Prevalence of BRCA1 genomic rearrangements in a large cohort of Italian breast and breast/ovarian cancer families without detectable BRCA1 and BRCA2 point mutations

Agata, Simona, Viel, Alessandra, Della Puppa, Lara, Cortesi, Laura, Fersini, Giusi, Callegaro, Monia, Palma, Maurizia Dalla, Dolcetti, Riccardo, Federico, Massimo, Venuta, Salvatore, Miolo, Gianmaria, D'Andrea, Emma and Montagnas, Marco (2006) Prevalence of BRCA1 genomic rearrangements in a large cohort of Italian breast and breast/ovarian cancer families without detectable BRCA1 and BRCA2 point mutations. Genes, Chromosomes & Cancer, 45 9: 791-797. doi:10.1002/gcc.20342


Author Agata, Simona
Viel, Alessandra
Della Puppa, Lara
Cortesi, Laura
Fersini, Giusi
Callegaro, Monia
Palma, Maurizia Dalla
Dolcetti, Riccardo
Federico, Massimo
Venuta, Salvatore
Miolo, Gianmaria
D'Andrea, Emma
Montagnas, Marco
Title Prevalence of BRCA1 genomic rearrangements in a large cohort of Italian breast and breast/ovarian cancer families without detectable BRCA1 and BRCA2 point mutations
Formatted title
Prevalence of BRCA1 genomic rearrangements in a large cohort of Italian breast and breast/ovarian cancer families without detectable BRCA1 and BRCA2 point mutations
Journal name Genes, Chromosomes & Cancer   Check publisher's open access policy
ISSN 1045-2257
1098-2264
Publication date 2006-09-01
Sub-type Article (original research)
DOI 10.1002/gcc.20342
Open Access Status Not yet assessed
Volume 45
Issue 9
Start page 791
End page 797
Total pages 7
Place of publication Hoboken, NJ, United States
Publisher John Wiley & Sons
Language eng
Formatted abstract
The presence of genomic rearrangements of the BRCA1 gene in breast and/or ovarian cancer families has been intensively investigated in patients from various countries over the last years. A number of different rearrangements have been reported by several studies that clearly document the involvement of this mutation type in genetic predisposition to breast and ovarian cancer. Population-specific studies are now needed to evaluate the prevalence of genomic rearrangements before deciding whether to include ad hoc screening procedures into standard diagnostic mutation detection approaches. Indeed, the vast majority of the studies have been performed on small, highly selected, sample sets because of the limitations imposed by the laborious technical approaches. Moreover, prevalence figures are likely to differ across different: countries according to the ethnic origin of each specific population. Here we analyze a large cohort of 653 Italian probands, negative for BRCA1 and BRCA2 point mutations, gathered from four National Institutions. We report the identification of BRCA1 genomic rearrangements in 12 independent families. Noteworthy, half of the probands carry mutations that recur in more than one Italian family. Considering the whole spectrum of Italian BRCA1 gene rearrangements identified thus far in consecutive patients, we estimate that alterations of this type account for 19% (95% CI: 0.11 < 0.19 < 0.28) of the BRCA1 mutation positive families. We conclude that the search for major genomic rearrangements is essential for an accurate and comprehensive BRCA1 mutation detection strategy in Italy.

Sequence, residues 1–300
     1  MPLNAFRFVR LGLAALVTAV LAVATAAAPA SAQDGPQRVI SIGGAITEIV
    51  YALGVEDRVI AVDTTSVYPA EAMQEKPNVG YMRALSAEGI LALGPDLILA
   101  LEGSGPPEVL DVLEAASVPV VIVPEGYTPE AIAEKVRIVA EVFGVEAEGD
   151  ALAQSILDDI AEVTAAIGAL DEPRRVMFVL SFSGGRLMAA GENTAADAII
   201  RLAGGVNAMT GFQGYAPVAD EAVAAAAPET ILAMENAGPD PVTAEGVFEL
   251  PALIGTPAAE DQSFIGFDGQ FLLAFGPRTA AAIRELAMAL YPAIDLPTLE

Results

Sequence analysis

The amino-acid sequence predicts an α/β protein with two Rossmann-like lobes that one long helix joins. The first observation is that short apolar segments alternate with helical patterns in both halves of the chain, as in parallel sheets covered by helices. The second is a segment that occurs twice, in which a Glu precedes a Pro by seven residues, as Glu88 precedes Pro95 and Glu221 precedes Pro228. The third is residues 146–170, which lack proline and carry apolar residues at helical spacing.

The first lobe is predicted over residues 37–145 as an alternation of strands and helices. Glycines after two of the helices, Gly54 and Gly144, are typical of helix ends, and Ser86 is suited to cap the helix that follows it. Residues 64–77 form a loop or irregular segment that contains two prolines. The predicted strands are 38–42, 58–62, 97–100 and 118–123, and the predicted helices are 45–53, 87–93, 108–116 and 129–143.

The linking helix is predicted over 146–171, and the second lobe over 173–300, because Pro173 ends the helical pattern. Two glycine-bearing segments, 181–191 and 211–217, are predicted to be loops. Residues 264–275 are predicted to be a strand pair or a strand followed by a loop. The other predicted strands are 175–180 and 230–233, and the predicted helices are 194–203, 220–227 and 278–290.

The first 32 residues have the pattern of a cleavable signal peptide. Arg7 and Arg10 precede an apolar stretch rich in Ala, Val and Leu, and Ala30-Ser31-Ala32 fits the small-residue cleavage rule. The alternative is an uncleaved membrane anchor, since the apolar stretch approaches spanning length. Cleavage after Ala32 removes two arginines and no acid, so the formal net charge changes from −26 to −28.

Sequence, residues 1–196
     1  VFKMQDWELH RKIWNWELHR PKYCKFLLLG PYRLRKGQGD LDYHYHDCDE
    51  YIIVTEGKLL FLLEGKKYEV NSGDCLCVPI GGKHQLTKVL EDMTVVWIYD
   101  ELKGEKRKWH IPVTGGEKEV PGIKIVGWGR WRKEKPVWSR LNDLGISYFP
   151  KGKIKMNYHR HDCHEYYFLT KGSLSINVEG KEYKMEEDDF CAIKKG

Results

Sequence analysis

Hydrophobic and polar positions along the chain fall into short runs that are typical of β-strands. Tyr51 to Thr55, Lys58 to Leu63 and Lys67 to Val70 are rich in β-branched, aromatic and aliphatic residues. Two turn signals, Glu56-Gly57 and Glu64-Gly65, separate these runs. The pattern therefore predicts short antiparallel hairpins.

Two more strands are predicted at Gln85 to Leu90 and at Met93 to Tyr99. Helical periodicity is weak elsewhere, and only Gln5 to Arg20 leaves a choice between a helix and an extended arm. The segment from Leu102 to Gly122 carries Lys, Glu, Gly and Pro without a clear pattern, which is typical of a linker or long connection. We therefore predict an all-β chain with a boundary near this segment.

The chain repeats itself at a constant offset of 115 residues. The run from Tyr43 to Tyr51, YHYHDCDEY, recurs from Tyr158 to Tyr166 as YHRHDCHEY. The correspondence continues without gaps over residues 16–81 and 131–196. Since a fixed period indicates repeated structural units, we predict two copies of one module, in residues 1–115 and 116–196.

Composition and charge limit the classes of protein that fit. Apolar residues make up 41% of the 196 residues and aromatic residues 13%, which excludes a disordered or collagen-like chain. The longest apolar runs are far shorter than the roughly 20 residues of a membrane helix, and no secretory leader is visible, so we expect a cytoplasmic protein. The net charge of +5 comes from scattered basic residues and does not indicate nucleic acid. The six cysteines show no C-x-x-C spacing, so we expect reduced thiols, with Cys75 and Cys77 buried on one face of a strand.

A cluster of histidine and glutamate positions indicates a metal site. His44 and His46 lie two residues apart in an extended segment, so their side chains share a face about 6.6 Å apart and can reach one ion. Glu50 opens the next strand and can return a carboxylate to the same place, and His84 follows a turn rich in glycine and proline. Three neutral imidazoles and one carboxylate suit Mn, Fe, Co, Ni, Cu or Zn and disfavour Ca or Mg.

Q-Index Code C1
Q-Index Status Provisional Code
Institutional Status Non-UQ

Document type: Journal Article
Sub-type: Article (original research)
Collection: UQ Diamantina Institute Publications
 
Versions
Version Filter Type
Citation counts: TR Web of Science Citation Count  Cited 31 times in Thomson Reuters Web of Science Article | Citations
Scopus Citation Count Cited 32 times in Scopus Article | Citations
Google Scholar Search Google Scholar
Created: Sat, 28 Nov 2015, 05:19:11 EST by System User on behalf of Learning and Research Services (UQ Library)